Take it Step-by-Step
Installing software can be a difficult job, especially for first timers. If you have just got hold of a copy of Microsoft Office or Microsoft Outlook and you’re looking for a bit of help in setting it up correctly, this guide should help you out.
Rather than go through a step-by-step process of installation, however, we’re going to look instead at key stages of the process and avoiding common mistakes.
This should help you to better understand the installation process and your part in it. If you’re consulting the web looking for Microsoft Outlook setup help, the chances are that you have already run into trouble, and you probably have the disc in the drive and the installation setup program running…
Stick to Outlook
When installing Outlook from a Microsoft Office disc, you will find that there are many different options that you can choose from, such as Word, Excel, installing the whole suite or just sticking to Outlook.
If you only need Outlook there is no point in making the process any more complicated, so ignore the other options in favor of the e-mail software.
Users with a standard Microsoft Outlook disc need not worry about this as there will only be one application on the disc!
Choose the Options You Need
When you’re performing installation you will be presented with a choice of Install Now and Customize. If you’re happy with the default location (your C: drive) and don’t require any less-common options installed, use the Install Now button to let Outlook proceed.
Otherwise, use the Customize option to display the Installation Options. Here you can select the drive you want to install to (see below) as well as select which options to run from your computer and which to leave out of the installation for accessing from the disc.
Just choose the drop-down menu next to each option (such as shared features and tools) and select Run from My Computer if you wish to install everything, or Not Available if you would rather not install that option.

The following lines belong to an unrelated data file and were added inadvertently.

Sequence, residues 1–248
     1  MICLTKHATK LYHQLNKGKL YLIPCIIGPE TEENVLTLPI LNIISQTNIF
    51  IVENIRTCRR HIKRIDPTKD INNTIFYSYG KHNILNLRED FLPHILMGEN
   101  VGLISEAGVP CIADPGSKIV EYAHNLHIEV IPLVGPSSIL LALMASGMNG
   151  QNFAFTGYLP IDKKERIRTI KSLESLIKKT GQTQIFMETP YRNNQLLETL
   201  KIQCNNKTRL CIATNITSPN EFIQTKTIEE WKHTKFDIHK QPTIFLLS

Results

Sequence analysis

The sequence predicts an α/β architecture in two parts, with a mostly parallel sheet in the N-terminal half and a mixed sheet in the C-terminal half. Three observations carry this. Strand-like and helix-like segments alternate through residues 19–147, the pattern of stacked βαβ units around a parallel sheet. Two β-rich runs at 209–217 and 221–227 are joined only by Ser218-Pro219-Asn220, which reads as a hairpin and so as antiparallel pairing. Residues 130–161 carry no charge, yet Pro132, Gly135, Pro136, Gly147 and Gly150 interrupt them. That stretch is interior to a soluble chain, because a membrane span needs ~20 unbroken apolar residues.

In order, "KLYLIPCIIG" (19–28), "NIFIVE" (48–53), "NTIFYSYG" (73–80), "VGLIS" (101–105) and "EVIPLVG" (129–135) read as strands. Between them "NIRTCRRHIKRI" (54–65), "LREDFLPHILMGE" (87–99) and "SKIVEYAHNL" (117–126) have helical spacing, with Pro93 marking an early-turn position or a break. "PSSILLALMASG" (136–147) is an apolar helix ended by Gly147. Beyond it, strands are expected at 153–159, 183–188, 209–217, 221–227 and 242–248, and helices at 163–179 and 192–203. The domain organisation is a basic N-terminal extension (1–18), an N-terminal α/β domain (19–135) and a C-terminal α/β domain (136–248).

Screenshot by author
Choose a Drive with Enough Space
Also in the Customize view you can decide which hard drive you’re going to install Outlook to. This is an important area as it isn’t uncommon to find, when you’re installing software, that the target drive is full.
Outlook 2010 requires 2 GB of space for installation, so you should have at least this much free. You can find out how much space is free on your C: drive by going to Start > Computer and right clicking the C: drive, choosing Properties and then viewing the remaining space on the General tab.
If the remaining space is less than 2 GB then you will not be able to install Outlook.
Get the Activation Code Right
Naturally you won’t be succeed with any amount of Microsoft Outlook setup help without the correct activation code entered. This should be found on the CD or in the packaging, and without correct entry of the code you will be caught in a loop of entering it until you get it right.
Certain characters that appear in these codes can cause difficulty. As such, if you have difficulty distinguishing Z and 2, 1 and I or any other similar characters that occur regularly in the English language, it might be an idea to get a friend over to help with this stage.
As this is the last stage of installation you won’t want to get this wrong, so take your time with it and stay calm.
Author’s own experience.